This family of lichens is probably best recognized by the distinctive spores: brown, 1-septate, elliptical. In the absence of macroscopic characters, the ontogeny of the spore is of critical importance: when the septum forms; presence of any thickenings in the septum, walls, and/or tip in the various stages of development; presence of bands of pigment around the cells and around the septum; mature spores sometimes swelling around the septum in KOH.
|| apothecia lecideine, hypothecium gen. dark
|| apothecia lecanorine, hypothecium gen. hyaline
|| apothecia initially cryptolecanorine, spore walls not thickened
|| apothecia initially immersed, lecideine, spore walls thick
|| upper cortex K-, prosoplectenchymatous, lower cortex often lacking
|| upper cortex K+y, prosoplectenchymatous, lower cortex often lacking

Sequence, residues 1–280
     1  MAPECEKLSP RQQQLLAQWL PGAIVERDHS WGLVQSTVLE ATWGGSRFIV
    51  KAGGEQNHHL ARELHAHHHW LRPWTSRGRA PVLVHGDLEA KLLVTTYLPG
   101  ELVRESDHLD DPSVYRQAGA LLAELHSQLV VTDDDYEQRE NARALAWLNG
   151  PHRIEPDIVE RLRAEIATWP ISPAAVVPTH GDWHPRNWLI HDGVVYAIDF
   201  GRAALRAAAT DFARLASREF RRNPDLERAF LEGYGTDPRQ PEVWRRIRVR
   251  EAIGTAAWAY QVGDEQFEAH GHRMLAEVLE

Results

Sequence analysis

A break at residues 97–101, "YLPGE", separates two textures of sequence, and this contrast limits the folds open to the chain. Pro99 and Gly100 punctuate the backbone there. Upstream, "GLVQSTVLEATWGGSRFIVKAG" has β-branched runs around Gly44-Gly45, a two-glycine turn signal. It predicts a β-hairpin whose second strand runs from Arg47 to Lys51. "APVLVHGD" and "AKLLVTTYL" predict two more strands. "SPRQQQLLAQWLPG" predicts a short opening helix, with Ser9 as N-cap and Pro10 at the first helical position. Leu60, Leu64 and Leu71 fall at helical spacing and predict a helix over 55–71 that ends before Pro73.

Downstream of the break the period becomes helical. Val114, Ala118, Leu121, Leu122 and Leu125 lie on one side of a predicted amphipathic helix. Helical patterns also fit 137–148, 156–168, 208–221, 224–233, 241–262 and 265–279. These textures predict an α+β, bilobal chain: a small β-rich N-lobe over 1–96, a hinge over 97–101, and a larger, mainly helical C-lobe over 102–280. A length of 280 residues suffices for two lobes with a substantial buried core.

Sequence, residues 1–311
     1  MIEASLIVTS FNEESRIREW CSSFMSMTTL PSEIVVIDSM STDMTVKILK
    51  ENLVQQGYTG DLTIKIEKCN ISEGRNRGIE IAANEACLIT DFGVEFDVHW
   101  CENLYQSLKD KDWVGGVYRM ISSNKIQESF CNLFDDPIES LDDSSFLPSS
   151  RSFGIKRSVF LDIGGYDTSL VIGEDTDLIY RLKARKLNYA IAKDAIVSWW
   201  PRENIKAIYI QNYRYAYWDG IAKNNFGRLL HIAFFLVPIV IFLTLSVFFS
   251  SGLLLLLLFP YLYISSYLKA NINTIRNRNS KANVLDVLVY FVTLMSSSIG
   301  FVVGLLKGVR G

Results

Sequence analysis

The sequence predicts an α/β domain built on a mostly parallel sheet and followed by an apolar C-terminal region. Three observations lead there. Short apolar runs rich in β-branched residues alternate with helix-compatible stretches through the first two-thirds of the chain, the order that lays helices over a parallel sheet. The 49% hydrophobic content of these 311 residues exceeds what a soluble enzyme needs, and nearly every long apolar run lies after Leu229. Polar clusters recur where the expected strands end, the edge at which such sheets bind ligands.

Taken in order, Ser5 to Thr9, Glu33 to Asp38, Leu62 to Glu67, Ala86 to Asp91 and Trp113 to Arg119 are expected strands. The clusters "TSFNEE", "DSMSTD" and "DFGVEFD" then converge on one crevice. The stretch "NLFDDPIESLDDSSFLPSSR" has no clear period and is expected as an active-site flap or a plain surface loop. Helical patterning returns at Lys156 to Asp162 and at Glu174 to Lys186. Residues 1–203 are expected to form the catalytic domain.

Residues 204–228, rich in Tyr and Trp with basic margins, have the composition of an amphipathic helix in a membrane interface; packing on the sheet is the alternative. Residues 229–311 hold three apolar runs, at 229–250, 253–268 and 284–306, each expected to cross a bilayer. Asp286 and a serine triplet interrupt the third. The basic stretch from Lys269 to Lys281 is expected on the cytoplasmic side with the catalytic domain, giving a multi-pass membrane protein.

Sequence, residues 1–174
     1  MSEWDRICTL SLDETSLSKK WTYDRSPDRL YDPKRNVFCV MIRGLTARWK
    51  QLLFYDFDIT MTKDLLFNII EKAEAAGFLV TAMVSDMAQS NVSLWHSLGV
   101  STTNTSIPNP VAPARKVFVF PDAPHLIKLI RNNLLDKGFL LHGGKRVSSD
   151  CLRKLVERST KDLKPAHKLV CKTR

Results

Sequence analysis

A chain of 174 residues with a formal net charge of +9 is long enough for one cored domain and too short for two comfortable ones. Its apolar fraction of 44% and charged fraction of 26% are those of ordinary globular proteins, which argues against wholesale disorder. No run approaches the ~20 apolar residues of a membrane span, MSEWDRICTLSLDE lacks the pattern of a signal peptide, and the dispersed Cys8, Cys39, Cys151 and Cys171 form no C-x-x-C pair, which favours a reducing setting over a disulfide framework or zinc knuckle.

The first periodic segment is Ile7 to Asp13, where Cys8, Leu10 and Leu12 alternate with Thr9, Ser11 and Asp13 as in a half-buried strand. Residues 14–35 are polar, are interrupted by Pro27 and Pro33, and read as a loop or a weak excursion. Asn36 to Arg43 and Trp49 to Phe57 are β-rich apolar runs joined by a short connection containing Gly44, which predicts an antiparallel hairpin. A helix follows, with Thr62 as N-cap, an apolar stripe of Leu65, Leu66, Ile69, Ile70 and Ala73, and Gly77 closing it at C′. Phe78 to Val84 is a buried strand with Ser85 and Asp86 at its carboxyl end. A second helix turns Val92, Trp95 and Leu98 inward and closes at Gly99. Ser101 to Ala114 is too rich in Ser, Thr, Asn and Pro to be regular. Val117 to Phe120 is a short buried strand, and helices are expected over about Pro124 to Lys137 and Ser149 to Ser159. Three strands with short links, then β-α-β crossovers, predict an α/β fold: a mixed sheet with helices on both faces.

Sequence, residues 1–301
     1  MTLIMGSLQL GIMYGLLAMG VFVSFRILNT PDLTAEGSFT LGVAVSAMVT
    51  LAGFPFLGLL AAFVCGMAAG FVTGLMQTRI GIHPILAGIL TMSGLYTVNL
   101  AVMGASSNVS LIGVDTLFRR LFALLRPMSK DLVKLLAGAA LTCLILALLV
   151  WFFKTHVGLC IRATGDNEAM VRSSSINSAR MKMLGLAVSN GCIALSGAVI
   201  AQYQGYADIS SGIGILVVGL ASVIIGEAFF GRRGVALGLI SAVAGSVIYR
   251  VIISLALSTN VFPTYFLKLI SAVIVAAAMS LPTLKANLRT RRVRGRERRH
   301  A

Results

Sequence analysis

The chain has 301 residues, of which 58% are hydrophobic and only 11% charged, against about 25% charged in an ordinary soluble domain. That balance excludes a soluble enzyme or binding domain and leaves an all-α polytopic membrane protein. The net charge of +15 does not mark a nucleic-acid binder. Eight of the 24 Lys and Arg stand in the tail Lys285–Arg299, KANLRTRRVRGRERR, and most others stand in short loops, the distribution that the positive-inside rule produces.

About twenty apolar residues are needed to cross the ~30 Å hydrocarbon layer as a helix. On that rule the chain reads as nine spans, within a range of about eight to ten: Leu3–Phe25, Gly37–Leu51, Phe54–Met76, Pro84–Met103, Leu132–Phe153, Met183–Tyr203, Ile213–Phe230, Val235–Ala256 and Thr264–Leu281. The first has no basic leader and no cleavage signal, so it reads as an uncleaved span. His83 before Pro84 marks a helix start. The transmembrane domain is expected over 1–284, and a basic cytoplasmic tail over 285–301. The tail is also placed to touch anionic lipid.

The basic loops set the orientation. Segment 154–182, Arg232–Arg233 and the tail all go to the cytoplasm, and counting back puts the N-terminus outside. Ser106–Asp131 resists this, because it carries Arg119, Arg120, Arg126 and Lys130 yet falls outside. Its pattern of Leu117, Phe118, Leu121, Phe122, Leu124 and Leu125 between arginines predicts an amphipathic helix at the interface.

|| upper cortex K+y, lower cortex present
|| squarrose rhizines
|| lower cortex paraplectenchyatous
|| lower cortex prosoplectenchymatous
|| pycnoconidia, lower cortex rudimentary with few or no rhizines
|| tropical, v short rhizines (hapters)
|| tropical, occ. lecideine
Phaeorrhiza is a crustose to squamulose genus with black fuzzy rhizine-like hyphae below. It appears to be treated with Rinodina in the Sonoran Flora. I’m not sure what its status is. -JPH
Buellia has been split into several genera by various lichenologists, including Diplotomma, Amandinea, Hafellia, Baculifera, Gassicurtia, among others. However there is little agreement on most of these, and some are definitely not well-defined. It looks like at least Diplotomma and Amandinea will be accepted with minor changes, while Haffelia, although apparently well-defined, is more problematic since the type of Buellia s. str. falls within the definition of Haffelia. Expect additional genera to be created from the residue in Buellia s. l. as research continues.